Can I Use Essential Oils For My Child?

By Dr. Laurel Murphy Hoffmann, MD, MPH

By Dr. Laurel Murphy Hoffmann, MD, MPH

Smells are powerfully linked to memories.  In the words of Rudyard Kipling, "smells are surer than sounds and sights to make the heartstrings crack."

Aromas can transport us to a walk in the woods when we sniff a candle.  Rose essential oil can take us back to a sunny summer afternoon.  Chamomile tea might make you drowsy from just a few sips due to the aroma that reminds you of bedtime.  Here are some tips for essential oil use - ways to enjoy them and keep kids safe at the same time.


Bedtimes can be easier if you do the same simple schedule every single night.  You can incorporate lavender into your child’s bedtime routine by adding a few drops of lavender oil to plain moisturizer (thick creams that come in tubs, like Cetaphil, Eucerin, or Vanicream).  Use this lavender lotion before putting on pajamas and read books, so your child starts to connect the scent to bedtime.    


There is interesting research being done in aromatherapy, including this paper looking at aromatherapy as pain control for blood sugar monitoring in diabetic children.  While there was no difference in reported pain levels, the decrease in heart rate in the aromatherapy group larger than the non-aromatherapy group.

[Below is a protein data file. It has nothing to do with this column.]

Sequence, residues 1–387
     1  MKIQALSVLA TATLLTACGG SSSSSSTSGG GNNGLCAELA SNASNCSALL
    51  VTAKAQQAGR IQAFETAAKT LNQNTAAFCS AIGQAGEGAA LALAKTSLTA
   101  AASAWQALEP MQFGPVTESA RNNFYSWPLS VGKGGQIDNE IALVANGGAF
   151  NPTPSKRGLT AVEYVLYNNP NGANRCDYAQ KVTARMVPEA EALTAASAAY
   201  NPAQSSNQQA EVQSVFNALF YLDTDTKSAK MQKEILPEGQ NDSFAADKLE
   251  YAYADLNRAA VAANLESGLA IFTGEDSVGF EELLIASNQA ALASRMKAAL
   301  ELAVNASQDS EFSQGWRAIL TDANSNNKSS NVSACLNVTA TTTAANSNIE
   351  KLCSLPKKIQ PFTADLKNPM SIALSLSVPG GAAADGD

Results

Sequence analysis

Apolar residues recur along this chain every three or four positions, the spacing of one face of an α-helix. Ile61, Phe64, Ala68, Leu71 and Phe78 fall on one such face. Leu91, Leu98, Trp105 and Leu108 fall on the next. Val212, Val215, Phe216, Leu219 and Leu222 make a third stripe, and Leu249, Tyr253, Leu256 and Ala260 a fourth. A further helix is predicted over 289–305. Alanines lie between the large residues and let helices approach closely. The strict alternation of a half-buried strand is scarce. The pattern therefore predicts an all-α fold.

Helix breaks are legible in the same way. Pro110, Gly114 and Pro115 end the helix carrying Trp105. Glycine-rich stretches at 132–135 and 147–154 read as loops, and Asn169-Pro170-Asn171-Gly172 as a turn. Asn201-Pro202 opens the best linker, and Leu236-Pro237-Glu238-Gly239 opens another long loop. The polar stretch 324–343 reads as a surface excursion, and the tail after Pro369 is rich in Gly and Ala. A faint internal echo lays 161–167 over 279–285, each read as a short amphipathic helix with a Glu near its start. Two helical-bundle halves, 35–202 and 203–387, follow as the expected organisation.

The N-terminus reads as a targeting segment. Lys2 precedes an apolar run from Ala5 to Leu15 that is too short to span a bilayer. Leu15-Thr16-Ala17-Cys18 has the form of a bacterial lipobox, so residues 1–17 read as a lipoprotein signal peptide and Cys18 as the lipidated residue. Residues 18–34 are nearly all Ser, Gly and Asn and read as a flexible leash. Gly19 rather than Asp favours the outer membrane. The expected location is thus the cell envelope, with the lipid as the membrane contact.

Essential oils are NOT for eating or drinking.  Be careful with oils on skin - if you notice a rash, itchiness, or other unwanted changes after use, stop using them.  Only purchase oils that come in child-proof containers (like the protective lids that are on medications).  Store them in a safe place away from little hands--as Dr. Fish reminded us in our last post, childproof containers are anything but childproof.  

Something you can do right this minute to keep your household safe is to program the Poison Center into your phone.  1-800-222-1222 Will connect you with the nearest center of experts on toxins and they can direct you on what to do next in the event of an ingestion or other concerning exposure to essential oils.

Keeping the number for the Oregon Poison Center handy is a great way to help protect your children

Keeping the number for the Oregon Poison Center handy is a great way to help protect your children

In Summary

While formal studies of essential oil use in children may be lacking, we here at Pacific Crest Children's Urgent Care respect that there are certainly ways to use these oils safely.  We also respect the right of parents to choose what's best for their child(ren).  And there is definitely room for more rigorous study of aromatherapy to help us all better understand how and why these interventions may help our little ones.  Thanks for the topic suggestion.  As always, be safe and everyone please have a very nice rest of the holiday season.  

Corey FishSafetyComment